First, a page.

COVID-19 pandemic unites Canadians like no other event in recent history: studyby Katelyn Thomas Digital Reporter Contact
MONTREAL -- The COVID-19 pandemic has united Canadians more than any other event in decades, according to a new study by McGill University and University of Toronto researchers.
The study found that among Canadians, there is cross-partisan consensus on the threat the virus poses and measures that need to be taken to battle it. The study also found that when there isn’t a consensus – which is the case in the United States – compliance with physical distancing guidelines is undermined, which poses an obvious threat.
The researchers looked at data from the social media accounts of MPs, Google search trends, and opinion surveys on the public to conduct their study.
“We know that public opinion tends to become polarized on highly salient issues, except when political leaders are in consensus,” said co-author Aengus Bridgman in a press release on Monday. Bridgman is a PhD candidate in political science at McGill. “In the United States, there appears to be political and public polarization on the severity of the pandemic.”
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In Canada, MPs have not been downplaying the severity of the virus on social media, the researchers found. Through a survey of 2,500 people, they also noticed that Canadians of all political beliefs feel the same about the severity of the virus. Canadians also share similar feelings towards isolation measures.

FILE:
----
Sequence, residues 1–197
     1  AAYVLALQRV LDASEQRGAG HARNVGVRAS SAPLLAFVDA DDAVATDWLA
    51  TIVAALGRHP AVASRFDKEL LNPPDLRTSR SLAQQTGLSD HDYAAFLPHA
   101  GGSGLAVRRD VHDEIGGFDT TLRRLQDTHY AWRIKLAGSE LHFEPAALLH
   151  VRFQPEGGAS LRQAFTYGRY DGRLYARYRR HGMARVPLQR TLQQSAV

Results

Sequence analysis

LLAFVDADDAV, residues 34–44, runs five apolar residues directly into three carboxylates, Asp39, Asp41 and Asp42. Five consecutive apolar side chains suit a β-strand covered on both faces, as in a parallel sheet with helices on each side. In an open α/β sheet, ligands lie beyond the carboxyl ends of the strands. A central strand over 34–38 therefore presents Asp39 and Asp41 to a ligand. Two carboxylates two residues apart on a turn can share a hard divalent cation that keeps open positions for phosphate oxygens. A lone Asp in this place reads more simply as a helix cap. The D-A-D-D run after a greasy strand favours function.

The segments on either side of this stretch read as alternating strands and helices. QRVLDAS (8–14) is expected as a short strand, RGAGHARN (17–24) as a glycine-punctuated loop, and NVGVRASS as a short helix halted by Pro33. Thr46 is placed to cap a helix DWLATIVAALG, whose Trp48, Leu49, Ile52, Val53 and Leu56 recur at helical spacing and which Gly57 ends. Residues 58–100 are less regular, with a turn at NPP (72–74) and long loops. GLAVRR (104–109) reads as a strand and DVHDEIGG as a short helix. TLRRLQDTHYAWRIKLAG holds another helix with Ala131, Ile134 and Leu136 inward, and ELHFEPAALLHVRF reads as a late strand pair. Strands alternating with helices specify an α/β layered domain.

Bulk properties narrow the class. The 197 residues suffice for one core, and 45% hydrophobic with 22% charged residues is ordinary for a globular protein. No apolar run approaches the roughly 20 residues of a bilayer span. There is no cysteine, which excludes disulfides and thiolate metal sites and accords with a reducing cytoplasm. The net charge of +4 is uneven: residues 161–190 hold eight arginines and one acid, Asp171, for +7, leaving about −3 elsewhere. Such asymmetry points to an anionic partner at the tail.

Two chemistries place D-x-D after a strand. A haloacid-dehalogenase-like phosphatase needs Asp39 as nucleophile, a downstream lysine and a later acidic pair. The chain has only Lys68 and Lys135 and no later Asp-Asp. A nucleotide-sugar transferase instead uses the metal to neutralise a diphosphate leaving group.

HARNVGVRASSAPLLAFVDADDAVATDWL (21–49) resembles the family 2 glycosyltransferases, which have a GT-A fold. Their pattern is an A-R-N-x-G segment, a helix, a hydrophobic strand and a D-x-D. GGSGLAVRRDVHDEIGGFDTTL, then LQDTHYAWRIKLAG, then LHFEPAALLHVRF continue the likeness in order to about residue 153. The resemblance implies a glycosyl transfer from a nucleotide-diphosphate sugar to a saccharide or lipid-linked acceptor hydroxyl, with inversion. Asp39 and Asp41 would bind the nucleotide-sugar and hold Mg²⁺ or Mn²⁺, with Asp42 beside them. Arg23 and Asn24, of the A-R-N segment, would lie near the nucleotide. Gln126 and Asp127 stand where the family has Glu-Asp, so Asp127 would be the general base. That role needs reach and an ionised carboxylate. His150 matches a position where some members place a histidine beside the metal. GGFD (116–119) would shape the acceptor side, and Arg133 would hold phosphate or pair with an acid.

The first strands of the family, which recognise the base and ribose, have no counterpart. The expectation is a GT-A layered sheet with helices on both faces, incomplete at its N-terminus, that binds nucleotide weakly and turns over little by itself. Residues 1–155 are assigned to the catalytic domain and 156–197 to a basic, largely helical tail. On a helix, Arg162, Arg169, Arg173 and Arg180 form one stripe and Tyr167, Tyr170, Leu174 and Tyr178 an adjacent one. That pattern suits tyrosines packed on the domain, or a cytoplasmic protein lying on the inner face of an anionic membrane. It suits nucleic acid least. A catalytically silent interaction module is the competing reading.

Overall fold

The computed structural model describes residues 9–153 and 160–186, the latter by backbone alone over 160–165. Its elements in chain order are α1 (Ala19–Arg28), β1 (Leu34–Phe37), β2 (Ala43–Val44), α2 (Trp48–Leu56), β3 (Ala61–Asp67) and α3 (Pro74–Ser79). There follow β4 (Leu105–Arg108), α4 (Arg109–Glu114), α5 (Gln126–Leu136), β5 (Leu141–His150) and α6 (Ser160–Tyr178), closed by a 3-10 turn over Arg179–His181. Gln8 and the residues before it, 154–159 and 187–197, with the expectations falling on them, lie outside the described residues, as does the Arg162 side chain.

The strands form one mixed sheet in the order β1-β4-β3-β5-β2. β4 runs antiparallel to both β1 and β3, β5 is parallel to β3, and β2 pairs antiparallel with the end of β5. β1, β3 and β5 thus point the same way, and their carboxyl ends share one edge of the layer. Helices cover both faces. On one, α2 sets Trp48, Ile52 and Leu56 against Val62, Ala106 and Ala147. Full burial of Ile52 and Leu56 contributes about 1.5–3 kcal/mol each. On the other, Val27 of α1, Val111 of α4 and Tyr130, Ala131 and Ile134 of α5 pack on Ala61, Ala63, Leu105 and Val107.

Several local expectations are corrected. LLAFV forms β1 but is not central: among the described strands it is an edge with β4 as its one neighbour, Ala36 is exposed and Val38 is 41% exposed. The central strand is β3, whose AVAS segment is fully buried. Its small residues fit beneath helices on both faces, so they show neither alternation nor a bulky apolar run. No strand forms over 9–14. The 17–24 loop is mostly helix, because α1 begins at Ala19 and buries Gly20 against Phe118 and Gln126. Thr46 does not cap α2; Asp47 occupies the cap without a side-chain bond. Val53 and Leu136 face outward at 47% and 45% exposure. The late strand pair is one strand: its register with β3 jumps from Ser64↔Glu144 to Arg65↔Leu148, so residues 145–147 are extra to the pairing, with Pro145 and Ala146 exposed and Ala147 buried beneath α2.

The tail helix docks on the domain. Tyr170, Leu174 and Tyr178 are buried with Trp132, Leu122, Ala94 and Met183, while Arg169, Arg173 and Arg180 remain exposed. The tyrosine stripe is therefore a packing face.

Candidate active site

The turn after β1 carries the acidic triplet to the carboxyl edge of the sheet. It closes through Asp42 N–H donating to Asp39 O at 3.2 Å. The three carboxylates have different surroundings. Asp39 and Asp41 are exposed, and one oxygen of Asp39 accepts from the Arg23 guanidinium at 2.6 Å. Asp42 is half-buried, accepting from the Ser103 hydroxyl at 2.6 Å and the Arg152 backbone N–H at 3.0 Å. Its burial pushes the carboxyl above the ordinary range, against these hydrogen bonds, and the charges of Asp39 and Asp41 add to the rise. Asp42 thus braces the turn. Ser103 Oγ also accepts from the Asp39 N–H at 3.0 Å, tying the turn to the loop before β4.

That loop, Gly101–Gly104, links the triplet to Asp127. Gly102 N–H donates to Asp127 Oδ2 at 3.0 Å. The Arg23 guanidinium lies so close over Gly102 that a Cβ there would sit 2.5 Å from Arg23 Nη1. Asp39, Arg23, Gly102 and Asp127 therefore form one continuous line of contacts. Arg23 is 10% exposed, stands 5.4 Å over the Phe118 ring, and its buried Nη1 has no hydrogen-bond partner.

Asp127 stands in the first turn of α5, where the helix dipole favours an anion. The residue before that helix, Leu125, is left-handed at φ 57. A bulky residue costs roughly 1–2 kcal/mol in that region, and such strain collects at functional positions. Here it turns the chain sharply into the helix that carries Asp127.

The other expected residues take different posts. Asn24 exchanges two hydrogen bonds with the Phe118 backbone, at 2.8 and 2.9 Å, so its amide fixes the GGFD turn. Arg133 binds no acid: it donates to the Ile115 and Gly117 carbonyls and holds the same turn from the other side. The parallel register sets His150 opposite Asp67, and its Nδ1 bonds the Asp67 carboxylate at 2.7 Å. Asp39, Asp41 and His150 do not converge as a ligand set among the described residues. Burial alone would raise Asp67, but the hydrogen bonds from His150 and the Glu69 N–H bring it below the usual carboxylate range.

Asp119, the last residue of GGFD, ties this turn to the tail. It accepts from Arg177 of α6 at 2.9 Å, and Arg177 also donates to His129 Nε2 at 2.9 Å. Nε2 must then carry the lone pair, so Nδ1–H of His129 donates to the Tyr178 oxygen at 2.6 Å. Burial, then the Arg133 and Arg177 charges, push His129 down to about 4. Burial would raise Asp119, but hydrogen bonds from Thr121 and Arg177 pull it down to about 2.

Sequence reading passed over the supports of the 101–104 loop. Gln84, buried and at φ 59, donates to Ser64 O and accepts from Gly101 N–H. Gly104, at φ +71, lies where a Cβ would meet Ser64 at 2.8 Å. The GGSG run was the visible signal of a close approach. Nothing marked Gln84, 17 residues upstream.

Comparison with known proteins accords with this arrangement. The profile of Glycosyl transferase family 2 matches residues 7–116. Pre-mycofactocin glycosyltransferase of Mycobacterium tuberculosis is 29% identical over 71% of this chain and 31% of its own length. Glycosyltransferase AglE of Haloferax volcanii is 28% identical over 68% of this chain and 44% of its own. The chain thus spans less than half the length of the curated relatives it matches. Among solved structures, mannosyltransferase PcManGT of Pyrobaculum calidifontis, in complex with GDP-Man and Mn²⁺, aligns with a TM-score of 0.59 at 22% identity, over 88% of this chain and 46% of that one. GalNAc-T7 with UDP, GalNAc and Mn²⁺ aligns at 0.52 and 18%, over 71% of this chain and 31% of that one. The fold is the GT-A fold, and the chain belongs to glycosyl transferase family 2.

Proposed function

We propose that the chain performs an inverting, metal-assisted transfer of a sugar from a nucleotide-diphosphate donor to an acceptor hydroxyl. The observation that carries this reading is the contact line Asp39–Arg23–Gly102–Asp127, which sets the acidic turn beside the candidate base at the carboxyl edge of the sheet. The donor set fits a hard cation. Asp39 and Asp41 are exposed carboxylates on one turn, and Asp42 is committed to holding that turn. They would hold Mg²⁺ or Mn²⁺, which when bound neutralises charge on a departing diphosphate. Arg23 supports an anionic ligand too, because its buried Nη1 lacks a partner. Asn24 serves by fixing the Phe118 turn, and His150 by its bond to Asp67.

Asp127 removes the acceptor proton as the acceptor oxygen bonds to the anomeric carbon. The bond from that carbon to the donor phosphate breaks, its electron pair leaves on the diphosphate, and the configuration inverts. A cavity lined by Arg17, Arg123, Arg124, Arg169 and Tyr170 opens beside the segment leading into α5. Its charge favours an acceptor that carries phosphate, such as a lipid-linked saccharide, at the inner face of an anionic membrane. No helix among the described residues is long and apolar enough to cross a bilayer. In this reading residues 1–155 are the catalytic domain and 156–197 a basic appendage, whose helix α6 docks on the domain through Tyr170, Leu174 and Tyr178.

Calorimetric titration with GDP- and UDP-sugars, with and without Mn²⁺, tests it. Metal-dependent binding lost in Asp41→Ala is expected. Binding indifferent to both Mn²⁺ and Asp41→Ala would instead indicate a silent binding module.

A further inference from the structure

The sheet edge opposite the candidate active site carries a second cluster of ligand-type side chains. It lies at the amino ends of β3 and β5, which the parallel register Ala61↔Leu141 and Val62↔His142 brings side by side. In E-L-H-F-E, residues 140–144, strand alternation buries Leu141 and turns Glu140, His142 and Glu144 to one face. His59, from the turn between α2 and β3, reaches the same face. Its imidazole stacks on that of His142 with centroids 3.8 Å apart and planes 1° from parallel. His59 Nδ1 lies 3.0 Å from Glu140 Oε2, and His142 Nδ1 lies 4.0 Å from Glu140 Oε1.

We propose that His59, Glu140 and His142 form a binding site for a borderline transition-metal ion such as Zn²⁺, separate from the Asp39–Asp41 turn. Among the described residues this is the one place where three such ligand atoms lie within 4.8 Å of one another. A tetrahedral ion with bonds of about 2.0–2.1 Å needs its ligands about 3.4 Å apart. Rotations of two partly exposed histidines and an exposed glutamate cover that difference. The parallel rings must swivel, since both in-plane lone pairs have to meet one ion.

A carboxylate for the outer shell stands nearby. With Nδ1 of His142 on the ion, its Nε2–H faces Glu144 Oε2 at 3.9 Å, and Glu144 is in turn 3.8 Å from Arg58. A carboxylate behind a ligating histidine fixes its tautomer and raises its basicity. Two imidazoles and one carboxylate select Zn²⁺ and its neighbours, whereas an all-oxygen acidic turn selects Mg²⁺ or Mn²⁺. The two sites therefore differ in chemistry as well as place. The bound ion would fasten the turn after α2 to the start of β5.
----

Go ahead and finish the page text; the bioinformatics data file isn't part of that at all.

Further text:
Where opinions differ is in terms of who’s to blame for the outbreak in the country. Conservative respondents are more likely to hold Prime Minister Justin Trudeau responsible – a third of them blamed him, compared to just 15 per cent of liberals. Just under 50 per cent of conservatives (47 per cent), however, blame the Chinese government instead.
Researchers said in order for the COVID-19 pandemic to be tackled effectively, public consensus is necessary.
“Avoiding polarization is essential for an effective societal response to the pandemic,” said co-author Taylor Owen, an associate professor at the Max Bell School of Public Policy at McGill.
The survey portion of the study was conducted from March 25 to March 31.